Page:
-It is always good to check which units and what range of values is used to quantify the occurrence of species in the samples, and **transform data** accordingly. For example, if the values are percentage estimates of plant covers (often used in vegetation studies), log or sqrt transformation may be necessary, since these covers have often very right-skewed distribution (covers between 1-15% are far more common than covers >25%). However, if the estimates of the plant cover have been done in Braun-Blanquet scale (//r// = 0.01% of cover, //+// = 0.1%, //1// = 1%, //2m// = 5%, //2a// = , //2b// = , //3// = , //4// = , //5// = ) and these values are then transformed into ordinal scale (//r// -> 1, //+// -> 2, //1// -> 3, ..., //5// -> 9), these 1-9 ordinal values in comparison to percentage cover already contain implicit log-transformation and does not need to be further transformed. In some cases, transforming data into presences-absences may be useful, e.g. if the estimates of species abundances are inaccurate or data are merged from different sources using different scales or estimation methods.+It is always good to check which units and what range of values is used to quantify the occurrence of species in the samples, and **transform data** accordingly. For example, if the values are percentage estimates of plant covers (often used in vegetation studies), log or sqrt transformation may be necessary, since these covers have often very right-skewed distribution (covers between 1-15% are far more common than covers >25%). However, if the estimates of the plant cover have been done in Braun-Blanquet scale (//r// = 0.01% of cover, //+// = 0.1%, //1// = 1%, //2m// = 5%, //2a// = 10%, //2b// = 20%, //3// = 37.5%, //4// = 62.5%, //5// = 87.5%) and these values are then transformed into ordinal scale (//r// -> 1, //+// -> 2, //1// -> 3, ..., //5// -> 9), these 1-9 ordinal values in comparison to percentage cover already contain implicit log-transformation and does not need to be further transformed. In some cases, transforming data into presences-absences may be useful, e.g. if the estimates of species abundances are inaccurate or data are merged from different sources using different scales or estimation methods.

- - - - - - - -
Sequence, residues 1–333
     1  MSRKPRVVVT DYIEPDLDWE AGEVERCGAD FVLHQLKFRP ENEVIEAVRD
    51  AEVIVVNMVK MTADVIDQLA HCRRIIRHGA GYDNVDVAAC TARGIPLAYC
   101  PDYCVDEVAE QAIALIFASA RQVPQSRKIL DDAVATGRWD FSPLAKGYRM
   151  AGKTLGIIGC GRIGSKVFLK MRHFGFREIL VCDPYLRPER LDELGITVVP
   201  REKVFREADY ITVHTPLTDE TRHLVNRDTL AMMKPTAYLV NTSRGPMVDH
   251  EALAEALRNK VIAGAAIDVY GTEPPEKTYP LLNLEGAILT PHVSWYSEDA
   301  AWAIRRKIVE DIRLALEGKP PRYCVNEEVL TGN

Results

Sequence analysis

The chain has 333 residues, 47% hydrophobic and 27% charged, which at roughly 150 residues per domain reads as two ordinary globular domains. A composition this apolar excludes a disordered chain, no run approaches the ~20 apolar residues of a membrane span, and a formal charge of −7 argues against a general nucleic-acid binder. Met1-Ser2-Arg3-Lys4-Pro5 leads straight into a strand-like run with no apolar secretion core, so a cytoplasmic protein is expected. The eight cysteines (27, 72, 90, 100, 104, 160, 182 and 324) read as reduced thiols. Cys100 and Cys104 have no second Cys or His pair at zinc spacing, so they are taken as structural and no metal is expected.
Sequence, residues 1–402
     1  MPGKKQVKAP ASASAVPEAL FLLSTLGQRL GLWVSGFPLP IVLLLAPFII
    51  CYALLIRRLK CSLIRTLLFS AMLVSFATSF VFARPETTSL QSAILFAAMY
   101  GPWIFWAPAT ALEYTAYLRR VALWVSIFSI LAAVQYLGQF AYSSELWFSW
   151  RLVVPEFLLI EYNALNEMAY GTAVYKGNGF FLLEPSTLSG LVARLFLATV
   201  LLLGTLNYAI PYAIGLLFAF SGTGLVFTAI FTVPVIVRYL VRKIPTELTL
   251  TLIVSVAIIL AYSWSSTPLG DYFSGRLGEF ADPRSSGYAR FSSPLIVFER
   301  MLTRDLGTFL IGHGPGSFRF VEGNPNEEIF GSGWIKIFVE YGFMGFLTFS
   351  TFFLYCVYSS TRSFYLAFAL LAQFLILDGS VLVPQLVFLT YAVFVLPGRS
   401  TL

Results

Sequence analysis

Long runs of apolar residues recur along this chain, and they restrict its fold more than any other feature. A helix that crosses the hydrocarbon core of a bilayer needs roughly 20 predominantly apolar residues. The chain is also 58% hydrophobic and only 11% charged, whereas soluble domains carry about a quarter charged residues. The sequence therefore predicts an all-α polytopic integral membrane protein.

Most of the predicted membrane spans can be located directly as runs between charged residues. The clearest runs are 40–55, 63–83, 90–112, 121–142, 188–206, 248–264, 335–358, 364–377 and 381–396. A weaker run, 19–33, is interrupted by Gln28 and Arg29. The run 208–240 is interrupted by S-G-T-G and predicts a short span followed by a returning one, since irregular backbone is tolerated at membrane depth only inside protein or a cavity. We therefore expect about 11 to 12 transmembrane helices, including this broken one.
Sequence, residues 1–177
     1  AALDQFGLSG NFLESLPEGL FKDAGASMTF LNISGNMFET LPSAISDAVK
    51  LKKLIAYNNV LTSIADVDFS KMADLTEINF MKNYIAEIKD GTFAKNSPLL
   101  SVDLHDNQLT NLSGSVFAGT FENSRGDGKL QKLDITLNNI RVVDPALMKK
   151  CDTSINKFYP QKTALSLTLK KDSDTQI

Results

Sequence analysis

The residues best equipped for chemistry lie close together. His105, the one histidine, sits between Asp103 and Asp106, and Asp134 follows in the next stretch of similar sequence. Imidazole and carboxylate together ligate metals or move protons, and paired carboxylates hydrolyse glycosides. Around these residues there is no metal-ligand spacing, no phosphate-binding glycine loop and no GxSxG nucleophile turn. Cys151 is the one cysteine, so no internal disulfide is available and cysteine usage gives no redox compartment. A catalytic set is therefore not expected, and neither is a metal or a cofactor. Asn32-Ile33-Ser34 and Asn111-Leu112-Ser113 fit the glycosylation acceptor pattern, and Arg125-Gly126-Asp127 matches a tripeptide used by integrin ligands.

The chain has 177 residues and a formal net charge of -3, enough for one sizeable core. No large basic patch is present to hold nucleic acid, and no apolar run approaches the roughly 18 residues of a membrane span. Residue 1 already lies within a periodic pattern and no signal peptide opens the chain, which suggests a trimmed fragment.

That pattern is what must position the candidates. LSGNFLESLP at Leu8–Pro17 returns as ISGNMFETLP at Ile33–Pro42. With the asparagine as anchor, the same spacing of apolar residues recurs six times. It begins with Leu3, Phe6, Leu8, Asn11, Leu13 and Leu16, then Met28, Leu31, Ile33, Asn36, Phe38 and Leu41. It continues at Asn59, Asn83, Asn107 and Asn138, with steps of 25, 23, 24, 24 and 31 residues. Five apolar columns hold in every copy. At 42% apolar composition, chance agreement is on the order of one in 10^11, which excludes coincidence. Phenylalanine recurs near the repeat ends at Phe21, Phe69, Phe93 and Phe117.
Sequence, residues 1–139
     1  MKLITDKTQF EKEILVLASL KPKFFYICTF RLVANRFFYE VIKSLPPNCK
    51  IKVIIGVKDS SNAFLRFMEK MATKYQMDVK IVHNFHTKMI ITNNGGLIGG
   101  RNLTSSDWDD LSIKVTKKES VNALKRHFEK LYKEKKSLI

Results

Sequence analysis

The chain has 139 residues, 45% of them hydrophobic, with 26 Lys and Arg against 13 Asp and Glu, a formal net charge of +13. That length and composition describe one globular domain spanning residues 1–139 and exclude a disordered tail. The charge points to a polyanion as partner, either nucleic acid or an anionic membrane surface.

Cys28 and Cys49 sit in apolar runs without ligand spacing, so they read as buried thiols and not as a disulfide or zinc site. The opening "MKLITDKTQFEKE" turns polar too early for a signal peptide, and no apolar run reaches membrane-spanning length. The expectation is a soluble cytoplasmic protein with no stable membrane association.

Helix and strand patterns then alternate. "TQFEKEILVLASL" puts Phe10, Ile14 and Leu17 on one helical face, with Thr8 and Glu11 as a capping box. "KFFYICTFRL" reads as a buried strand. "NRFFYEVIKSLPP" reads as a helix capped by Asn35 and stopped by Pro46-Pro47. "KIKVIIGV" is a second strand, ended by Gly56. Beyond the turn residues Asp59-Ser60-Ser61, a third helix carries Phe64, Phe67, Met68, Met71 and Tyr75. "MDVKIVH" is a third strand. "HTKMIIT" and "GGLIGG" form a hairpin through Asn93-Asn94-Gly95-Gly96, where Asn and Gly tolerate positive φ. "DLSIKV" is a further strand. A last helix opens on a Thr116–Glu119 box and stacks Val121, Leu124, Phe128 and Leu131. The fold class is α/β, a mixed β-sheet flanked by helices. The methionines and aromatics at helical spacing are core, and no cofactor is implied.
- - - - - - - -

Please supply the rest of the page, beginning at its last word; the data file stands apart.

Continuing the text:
Species composition data are also often subjected to standardisation,​ either by species (columns) or samples (rows)(<​imgref stand-row-col>​). **Standardization by species** makes species to have the same importance (i.e. species with overall lower abundances will be the same important as species with overall higher abundances). It may not always be meaningful, e.g. if species occurs only in one sample, standardization by species will put a high weight on this sample and it will become very different from the others. **Standardization by samples** is useful in the case that the analysis is focused on relative proportions of species, not their absolute abundances, e.g. because recorded abundances are dependent on sampling effort, and this effort differs between samples (the effort is related to time spent at the plot, number of traps, or can be influenced by bad weather affecting mobility of the sampled organisms). Species composition data are also often subjected to standardisation,​ either by species (columns) or samples (rows)(<​imgref stand-row-col>​). **Standardization by species** makes species to have the same importance (i.e. species with overall lower abundances will be the same important as species with overall higher abundances). It may not always be meaningful, e.g. if species occurs only in one sample, standardization by species will put a high weight on this sample and it will become very different from the others. **Standardization by samples** is useful in the case that the analysis is focused on relative proportions of species, not their absolute abundances, e.g. because recorded abundances are dependent on sampling effort, and this effort differs between samples (the effort is related to time spent at the plot, number of traps, or can be influenced by bad weather affecting mobility of the sampled organisms).
en/data_preparation.txt · Last modified: 2019/05/23 09:54 by David Zelený